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Performing Your Due Diligence on Social Media

Monday, April 22nd, 2013

In the digital age, many professionals conduct a portion of their due diligence on social media.

 +Companies research clients.

+Clients research companies.

+Employers look up employee candidates.

+Candidates read up on potential employers.

Here are a few tips to help determine which social media accounts and profiles have a genuine presence and following…and which do not.

Facebook Fakers

No company wants to have 13 straggling followers on their Facebook page, making their brand look unimpressive, limp and lifeless.

A simple fix? Buy ‘likes’!

Yes, many have chosen to simply purchase ‘likes’ to give the appearance of an actual following. In other words, they’re cheating.

The simple way to tell a cheating brand from a genuine one is to look at overall engagement and ask “is the engagement proportional to the size of the following?”

If no, there are two possible reasons: poor content that is not attractive and tailored to the brands following, or they have no actual following.

Twitter Cheaters

Much like Facebook, Twitter cheaters lack actual engagment.

I recall seeing a small ad executive’s pitch for services at a stuffy (and borning meeting). I sensed  the guy was full of hot air and checked out his company’s Twitter account. Over 25,000 followers and when I looked over the alleged followers, most of them had sent no tweets and still had the egg-head default profile picture Twitter automatically assigns.

Tip: If you’re checking out a company or individual, visit Status People, a site that analyses the percentage of genuine and fake Twitter followers on any given Twitter account.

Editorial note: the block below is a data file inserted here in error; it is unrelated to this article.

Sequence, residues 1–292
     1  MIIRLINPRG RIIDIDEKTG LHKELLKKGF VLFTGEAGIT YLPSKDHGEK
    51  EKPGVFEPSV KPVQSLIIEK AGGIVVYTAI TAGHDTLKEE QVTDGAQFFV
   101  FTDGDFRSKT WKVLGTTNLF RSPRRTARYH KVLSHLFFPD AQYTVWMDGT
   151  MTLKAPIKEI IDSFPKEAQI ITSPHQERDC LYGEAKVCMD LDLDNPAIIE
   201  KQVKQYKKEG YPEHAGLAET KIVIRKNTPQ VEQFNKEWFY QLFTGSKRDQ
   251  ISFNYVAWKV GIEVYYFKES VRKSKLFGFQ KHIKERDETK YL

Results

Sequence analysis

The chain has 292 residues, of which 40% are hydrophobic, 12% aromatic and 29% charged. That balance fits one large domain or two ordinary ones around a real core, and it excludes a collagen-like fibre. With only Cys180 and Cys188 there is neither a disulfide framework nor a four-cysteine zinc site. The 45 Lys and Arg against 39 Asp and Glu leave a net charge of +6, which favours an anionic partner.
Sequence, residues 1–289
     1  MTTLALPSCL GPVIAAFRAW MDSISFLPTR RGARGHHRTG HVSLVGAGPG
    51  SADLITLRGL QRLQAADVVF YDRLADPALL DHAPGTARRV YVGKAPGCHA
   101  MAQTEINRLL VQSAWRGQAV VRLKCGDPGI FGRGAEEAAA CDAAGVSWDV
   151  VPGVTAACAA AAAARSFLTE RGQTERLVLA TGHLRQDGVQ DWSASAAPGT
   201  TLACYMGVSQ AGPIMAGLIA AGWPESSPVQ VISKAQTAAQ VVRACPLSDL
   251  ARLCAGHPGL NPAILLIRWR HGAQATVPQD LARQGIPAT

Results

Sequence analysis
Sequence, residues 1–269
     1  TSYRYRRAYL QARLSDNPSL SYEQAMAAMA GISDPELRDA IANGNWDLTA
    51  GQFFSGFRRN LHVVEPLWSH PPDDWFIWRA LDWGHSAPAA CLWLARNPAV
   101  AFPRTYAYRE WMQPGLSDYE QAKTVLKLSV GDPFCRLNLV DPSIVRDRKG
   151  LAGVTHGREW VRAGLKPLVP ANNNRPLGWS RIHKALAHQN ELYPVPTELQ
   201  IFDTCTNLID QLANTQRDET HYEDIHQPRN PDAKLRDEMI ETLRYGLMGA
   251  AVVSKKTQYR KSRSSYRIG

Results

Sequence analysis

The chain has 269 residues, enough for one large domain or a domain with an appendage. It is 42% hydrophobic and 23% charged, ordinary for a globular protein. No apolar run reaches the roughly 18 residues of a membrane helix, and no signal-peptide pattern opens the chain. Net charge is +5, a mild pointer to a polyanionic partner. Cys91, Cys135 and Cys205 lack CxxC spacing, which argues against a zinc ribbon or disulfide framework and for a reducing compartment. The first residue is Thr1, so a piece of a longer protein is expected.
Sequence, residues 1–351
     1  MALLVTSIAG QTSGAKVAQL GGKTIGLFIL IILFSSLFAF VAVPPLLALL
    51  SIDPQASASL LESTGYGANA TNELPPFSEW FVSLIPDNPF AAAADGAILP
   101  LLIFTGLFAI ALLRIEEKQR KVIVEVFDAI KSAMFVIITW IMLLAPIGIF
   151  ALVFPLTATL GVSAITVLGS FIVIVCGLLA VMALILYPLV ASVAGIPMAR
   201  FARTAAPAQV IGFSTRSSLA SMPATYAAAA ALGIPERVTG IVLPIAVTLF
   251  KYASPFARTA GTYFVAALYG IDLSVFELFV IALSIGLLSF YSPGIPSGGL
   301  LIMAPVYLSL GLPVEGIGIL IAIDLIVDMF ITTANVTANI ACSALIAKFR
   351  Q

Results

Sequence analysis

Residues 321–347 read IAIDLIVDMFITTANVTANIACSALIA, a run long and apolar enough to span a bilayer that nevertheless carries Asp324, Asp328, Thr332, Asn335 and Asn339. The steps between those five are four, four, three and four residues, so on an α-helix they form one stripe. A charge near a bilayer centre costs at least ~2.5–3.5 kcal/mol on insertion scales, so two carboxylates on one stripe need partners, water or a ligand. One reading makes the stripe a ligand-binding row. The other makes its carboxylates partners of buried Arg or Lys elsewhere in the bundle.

Quick Disclaimer

Just be mindful that not all users with large followings are cheaters. From Mashable:

“People with large real Twitter followings, from celebrities to activists like Yoani Sanchez, are made to look guilty when they are in fact innocent. Fake followers created for sale to impostors like Santiago Swallow follow real users in an attempt to outwit Twitter’s generally very effective spam management systems. The more followers you have, the more likely it is that a fake follower will follow you. By trying to inflate themselves with the electronic equivalent of silicon implants, fakers make the system noisy for everyone.”

Social Media: Playing a Role in Politics

Monday, April 15th, 2013

With the passing of Margaret Thatcher, many civilians and politicians herald her as a trailblazer as the first female Prime Minister of England.

Yet, several protests have already happened and many are set to happen when Thatcher is laid to rest this coming Wednesday. Unlike protests in pre-Twitter eras, social media plays a prominent role.

+Officials are currently combing social sites to preempt any possible protests or disturbances.

+From Yahoo News: Online campaign expert David Karpf noted that this is “a new kind of protest enabled by social media — a way for people to signal protest en masse without shouting from the rooftops.”

Social media’s influence in the political arena will only continue to grow as its usage rises. Here are a few recent political events in which social media has played a leading role.  

Civic Activities and Causes

A report from the Pew Internet & American Life Project noted that “the use of social media is becoming a feature of political and civic engagement for many Americans.”

The study found that roughly two-thirds of U.S. adults who use social media sites like Twitter and Facebook “conducted either civil or political activity through this communication channel.”

Egyptian Protest

In January 2011, social media mobiled thousands of Egyptians in an effort to overthrow Egyptian President Hosni Mubarak. With the help of Facebook and videos on YouTube, media on these outlets spurned an Egyptian revolution.

Presidential Elections

Many thought the 2012 presidential election could be predicted via social media. Reports after the election noted that Twitter sentiment for election result was split.

Although the data was mixed on social media’s ability to predict an outcome, it is notable that the most popular tweet of 2012 was from President Barak Obama immediately before he took the stage to announce his election victory. His “four more years” tweet was retweeted over 800,000 times and favorited over 300,000 times.


 Question: How has social media reframed your political landscape?